Surviving a Vacation with Your Significant Other
Learn the Rules of Engagement before your next trip together.
Posted Apr 11, 2018
Vacations that are supposed to be fun and relaxing have a weird way of becoming awful and stressful. Some of this can be blamed on the usual suspects: lousy weather the whole time, a lost wallet, getting mugged in a sketchy neighborhood, eaten alive by bugs in the tropics, or food poisoning. But some of this stress can be traced back to the person you sit, eat, stand, and sleep about a foot away from for most of the trip.
If you’re not careful with your expectations, words, or actions, traveling with your spouse, partner, or Significant Other can go from invigorating (especially at the start), then turn tedious mid-trip, and then end on a silent treatment-driven note of what-a-disaster. As ABC News anchor and meditation podcaster Dan Harris has said so often, “Did you ever say something that ruins your relationship for the next 48 hours?” This is no fun at home and it really sucks on the road. These tips can save/salvage your relationship and the fun you are supposed to be having together on your next vacation:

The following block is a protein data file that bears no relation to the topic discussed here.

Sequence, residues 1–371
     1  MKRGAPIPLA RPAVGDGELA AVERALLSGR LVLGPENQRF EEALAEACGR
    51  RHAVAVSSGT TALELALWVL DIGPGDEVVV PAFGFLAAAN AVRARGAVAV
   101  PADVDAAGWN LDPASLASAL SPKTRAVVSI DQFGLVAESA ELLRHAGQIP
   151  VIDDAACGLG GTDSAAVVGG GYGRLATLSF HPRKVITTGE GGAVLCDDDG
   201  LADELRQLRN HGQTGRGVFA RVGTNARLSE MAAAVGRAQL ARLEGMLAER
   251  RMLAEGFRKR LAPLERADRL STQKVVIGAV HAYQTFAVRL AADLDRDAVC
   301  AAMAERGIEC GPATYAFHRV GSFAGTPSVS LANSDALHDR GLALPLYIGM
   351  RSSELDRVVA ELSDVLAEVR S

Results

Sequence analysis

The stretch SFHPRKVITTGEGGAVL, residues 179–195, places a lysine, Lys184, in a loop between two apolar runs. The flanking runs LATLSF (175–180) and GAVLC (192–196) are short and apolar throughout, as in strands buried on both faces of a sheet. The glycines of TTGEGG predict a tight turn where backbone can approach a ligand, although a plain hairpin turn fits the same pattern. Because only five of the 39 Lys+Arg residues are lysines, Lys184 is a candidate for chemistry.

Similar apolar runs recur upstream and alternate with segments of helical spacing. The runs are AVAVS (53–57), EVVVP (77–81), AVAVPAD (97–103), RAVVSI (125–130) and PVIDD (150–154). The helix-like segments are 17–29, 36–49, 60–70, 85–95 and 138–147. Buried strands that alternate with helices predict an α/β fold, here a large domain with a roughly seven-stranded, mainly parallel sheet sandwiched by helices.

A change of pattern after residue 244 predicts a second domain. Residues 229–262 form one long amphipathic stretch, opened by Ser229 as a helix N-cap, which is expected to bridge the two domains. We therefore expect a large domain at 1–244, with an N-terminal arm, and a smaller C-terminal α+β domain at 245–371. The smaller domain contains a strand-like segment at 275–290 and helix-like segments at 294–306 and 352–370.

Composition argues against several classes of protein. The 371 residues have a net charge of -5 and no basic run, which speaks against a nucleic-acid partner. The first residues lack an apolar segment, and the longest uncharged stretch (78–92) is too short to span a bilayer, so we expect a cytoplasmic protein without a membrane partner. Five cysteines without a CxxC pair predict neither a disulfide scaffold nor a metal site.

This starts with you and your traveling partner and goes all the way around the world to the Uber/Lyft or cab drivers, the people who work at the airport or cruise ship terminal, the rental car folks, the hotel staff, and the poolside cocktail waitress who forgot your martini olives and onions. Let it go. Let them off the hook. Be nice and polite to everyone, even if they aren’t to you. Be on vacation from over-thought expectations and mini-stressors.
You Can’t Change the Weather.